Today In History...

In 1791 Congress passes a resolution ordering the U.S. Mint be established.
In 1845 Florida becomes the 27th U.S. state.
In 1849 The Gold Coinage Act passes, allowing gold coins to be minted.
In 1849 The "Home Department," the forerunner of the Interior Department is established.
In 1851 Congress authorizes the smallest U.S. silver coin, the 3-cent piece.
In 1863 The National Academy of Sciences is formed.
In 1875 A 20-cent coin is authorized by Congress (it only lasts 3 years).
In 1877 Rutherford B. Hayes takes the oath of office as the 19th U.S. president in a private ceremony (a public swearing-in took place two days later).
In 1879 Belva Ann Bennett Lockwood is the first woman to practice before the U.S. Supreme Court.
In 1885 American Telephone and Telegraph (AT&T) is incorporated.
In 1885 The post office introduces Special Delivery for first class mail.
In 1887 Ann Sullivan arrives at the Alabama home of Captain and Mrs. Arthur Keller to become the teacher of their blind and deaf 6-year-old daughter, Helen.
In 1894 British Prime Minister William Gladstone submits his resignation to Queen Victoria.
In 1918 Germany, Austria and Russia sign the Treaty of Brest-Litovsk, which ended Russian participation in World War I.
In 1931 The "Star Spangled Banner" officially becomes the national anthem of the United States.
In 1969 Apollo IX is launched from Cape Kennedy on a mission to test the lunar module.
In 1974 Nearly 350 people die when a Turkish Airlines DC-10 crashes shortly after takeoff from Orly Airport in Paris.
In 1978 The remains of Charlie Chaplin are taken by grave robbers in Switzerland. His body is recovered 11 weeks later near Lake Geneva.
In 1983 President Reagan hosts a state dinner for Britain's Queen Elizabeth II in San Francisco.
In 1984 Peter V. Ueberroth is named commissioner of baseball by the 26 major league owners, ending a 15-month search for a successor to Bowie Kuhn.
In 1985 "Moonlighting" with Cybill Sheppard and Bruce Willis premieres on ABC-TV.
In 1985 British coal miners vote to end a year-long strike.
In 1986 The Austrian news magazine Profil links Kurt Waldheim to Adolf Hitler's infamous "brown shirts," but a spokesman denied the former U.N. Secretary-General had belonged to the Nazi organization.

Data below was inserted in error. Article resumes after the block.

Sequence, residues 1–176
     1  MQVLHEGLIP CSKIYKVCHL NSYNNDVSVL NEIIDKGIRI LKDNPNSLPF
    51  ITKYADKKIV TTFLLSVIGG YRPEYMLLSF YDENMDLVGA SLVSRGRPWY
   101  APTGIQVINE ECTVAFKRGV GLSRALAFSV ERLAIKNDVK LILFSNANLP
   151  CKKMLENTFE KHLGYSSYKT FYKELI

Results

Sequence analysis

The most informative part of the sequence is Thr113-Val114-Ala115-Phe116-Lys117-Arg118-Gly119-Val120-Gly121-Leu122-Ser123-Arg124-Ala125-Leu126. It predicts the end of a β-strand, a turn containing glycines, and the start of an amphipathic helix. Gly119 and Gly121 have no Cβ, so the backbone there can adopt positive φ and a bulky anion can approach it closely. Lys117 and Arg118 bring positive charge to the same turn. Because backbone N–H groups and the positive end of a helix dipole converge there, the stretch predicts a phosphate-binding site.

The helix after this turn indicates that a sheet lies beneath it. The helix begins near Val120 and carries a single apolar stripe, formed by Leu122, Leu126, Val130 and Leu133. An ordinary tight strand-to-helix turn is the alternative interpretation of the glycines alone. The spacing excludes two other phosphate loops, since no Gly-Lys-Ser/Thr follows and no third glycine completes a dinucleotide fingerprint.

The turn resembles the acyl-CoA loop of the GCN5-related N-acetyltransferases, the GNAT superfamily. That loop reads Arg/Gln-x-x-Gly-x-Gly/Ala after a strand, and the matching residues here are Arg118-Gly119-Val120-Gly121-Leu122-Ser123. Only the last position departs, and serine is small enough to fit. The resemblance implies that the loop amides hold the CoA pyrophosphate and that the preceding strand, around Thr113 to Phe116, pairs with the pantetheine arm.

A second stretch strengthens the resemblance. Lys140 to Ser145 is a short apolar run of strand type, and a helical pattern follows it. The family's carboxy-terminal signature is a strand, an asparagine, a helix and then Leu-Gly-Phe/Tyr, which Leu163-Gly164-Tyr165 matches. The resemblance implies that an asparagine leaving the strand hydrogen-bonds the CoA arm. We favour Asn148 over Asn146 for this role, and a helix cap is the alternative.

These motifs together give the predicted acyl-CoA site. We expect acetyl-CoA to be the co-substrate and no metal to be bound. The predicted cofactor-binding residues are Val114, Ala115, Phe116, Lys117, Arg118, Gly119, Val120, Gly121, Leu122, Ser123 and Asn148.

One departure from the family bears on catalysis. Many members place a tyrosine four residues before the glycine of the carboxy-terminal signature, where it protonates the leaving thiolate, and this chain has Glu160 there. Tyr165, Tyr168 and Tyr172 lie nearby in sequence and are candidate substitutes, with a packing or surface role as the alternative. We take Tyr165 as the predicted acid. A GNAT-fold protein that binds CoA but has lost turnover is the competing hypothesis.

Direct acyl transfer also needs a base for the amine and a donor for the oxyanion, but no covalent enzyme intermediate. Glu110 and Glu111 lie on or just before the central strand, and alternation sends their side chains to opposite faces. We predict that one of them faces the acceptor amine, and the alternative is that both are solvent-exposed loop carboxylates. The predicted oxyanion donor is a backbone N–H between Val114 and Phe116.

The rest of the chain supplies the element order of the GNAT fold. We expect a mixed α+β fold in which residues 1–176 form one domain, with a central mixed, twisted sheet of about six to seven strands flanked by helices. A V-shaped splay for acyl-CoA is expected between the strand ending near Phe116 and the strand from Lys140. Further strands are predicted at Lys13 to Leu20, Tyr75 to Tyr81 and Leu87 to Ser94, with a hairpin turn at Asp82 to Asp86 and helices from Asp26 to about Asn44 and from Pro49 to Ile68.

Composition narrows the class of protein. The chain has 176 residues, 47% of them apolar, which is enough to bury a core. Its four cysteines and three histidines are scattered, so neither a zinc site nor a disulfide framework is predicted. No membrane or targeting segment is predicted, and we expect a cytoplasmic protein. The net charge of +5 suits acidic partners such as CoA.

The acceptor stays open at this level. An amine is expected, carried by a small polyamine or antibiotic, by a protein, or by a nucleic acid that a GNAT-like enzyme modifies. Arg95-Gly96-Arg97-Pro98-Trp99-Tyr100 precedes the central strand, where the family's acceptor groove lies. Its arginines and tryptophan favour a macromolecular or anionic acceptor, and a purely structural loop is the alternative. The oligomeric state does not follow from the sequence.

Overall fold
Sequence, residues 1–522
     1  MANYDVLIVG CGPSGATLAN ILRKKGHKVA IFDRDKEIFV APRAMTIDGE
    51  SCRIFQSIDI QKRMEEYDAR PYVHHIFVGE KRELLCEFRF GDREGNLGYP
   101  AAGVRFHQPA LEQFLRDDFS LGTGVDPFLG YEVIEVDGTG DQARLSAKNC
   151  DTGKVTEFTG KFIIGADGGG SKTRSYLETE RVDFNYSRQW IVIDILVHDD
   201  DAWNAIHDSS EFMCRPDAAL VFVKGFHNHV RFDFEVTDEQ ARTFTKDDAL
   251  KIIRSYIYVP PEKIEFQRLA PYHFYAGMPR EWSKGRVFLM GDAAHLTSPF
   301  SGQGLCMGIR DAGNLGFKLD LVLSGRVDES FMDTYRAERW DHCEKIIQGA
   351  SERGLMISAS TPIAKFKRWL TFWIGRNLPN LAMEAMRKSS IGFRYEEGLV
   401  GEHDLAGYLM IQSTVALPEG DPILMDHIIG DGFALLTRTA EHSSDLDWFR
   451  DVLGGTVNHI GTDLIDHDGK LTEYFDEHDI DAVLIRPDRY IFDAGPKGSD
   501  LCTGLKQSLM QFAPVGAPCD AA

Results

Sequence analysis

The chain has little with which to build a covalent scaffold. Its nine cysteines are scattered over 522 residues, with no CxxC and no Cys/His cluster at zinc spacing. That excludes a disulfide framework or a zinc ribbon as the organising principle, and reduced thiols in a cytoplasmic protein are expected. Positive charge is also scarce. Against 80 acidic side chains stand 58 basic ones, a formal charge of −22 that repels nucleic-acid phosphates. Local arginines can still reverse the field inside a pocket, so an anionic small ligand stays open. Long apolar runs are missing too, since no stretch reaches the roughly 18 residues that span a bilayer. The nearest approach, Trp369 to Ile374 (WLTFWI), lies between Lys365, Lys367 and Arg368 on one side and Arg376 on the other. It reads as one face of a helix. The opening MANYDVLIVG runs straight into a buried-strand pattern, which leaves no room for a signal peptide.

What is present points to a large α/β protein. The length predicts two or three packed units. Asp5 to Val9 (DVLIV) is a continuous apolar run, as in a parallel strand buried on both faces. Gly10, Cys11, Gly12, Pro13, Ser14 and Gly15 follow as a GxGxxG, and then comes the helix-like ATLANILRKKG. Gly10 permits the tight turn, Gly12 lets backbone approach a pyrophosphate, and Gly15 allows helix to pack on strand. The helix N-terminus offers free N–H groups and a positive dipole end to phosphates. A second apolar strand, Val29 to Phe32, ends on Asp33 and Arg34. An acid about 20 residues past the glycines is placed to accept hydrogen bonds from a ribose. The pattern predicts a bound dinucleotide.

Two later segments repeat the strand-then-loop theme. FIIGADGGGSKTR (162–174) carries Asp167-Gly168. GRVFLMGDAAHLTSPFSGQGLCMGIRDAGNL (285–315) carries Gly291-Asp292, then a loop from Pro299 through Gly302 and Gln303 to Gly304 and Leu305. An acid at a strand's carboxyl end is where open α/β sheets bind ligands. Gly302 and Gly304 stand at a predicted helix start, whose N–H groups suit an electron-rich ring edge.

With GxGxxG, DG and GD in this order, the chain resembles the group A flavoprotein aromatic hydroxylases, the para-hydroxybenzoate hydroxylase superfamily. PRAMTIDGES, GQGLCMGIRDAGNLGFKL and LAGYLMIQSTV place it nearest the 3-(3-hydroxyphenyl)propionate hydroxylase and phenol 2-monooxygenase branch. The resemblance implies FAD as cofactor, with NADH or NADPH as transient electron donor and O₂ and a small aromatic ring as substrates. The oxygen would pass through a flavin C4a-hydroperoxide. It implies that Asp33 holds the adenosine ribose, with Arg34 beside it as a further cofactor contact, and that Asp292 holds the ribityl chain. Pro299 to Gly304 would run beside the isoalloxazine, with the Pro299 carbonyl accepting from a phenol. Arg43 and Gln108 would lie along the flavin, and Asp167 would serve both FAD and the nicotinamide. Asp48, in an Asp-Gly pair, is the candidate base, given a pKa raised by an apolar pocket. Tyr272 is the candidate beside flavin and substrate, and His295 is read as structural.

In 1987 Actor/comedian Danny Kaye dies in Los Angeles at age 74.
In 1988 The U.S. House of Representatives rejects a package of $30 million in non-lethal aid for Nicaraguan Contras.
In 1990 President Bush expresses opposition to the settlement of Soviet Jewish refugees in East Jerusalem.
In 1991 In a case that sparked a national outcry, motorist Rodney King is severely beaten by Los Angeles police officers after a high-speed chase in a scene captured on home video.
In 1991 Twenty-five people are killed when a United Airlines Boeing 737-200 inexplicably crashed while approaching the Colorado Springs airport.
In 1992 An underground coal mine explosion in Koslu, Turkey, claims 270 lives.
In 1993 Health pioneer Albert Sabin, developer of the oral polio vaccine, dies in Washington, DC, at age 86.
In 1994 President Clinton signs executive order taking steps toward retaliatory tariffs against Japanese imports.
In 1996 A bus bomb in Jerusalem kills the bomber and at least 18 others and wounds 10 people.
In 1997 Vice President Al Gore, under fire for campaign fund-raising activities, acknowledges soliciting from his White House office, but insisted he did not do "anything wrong, much less illegal."
In 1998 The U.S. Supreme Court rules local lawmaker votes are immune to lawsuits even if based on illegal or discriminatory motives. Also, the court says bankruptcy filers can avoid damages if they did not intend injury.
In 1998 Presidential confidant Vernon Jordan testifies before the grand jury investigating the Monica Lewinsky matter.
In 1998 Microsoft chairman Bill Gates testifies before the Senate Judiciary Committee that his company wasn't a monopoly out to crush rivals in the Internet software market.
In 1998 Larry Doby, the first black player in the American League, is elected to the Baseball Hall of Fame.
In 2000 Former dictator General Augusto Pinochet returns to Chile a free man, 16 months after he was detained in Britain on torture charges.
In 2001 A plane carrying members of a National Guard engineering crew crashes in heavy rain near Macon, GA, killing all 21 on board.
In 2001 John Ruiz becomes the first Hispanic WBA heavyweight champion by defeating Evander Holyfield in a unanimous 12-round decision.
In 2002 Citizens of Switzerland vote to join the United Nations, abandoning almost 200 years of formal neutrality.
In 2003 Malcolm Kilduff, the White House spokesman who announced to a shocked world the death of President Kennedy, dies at age 75.
In 2004 The first same-sex marriage licenses are issued in Multnomah County, Oregon.
In 2013 A two and a half year old U.S. girl becomes the first child born with HIV to be cured.
In 2014 Teresa Giudice and Joe Giudice from the "Real Housewives of New Jersey," plead guilty to multiple Fraud Charges.


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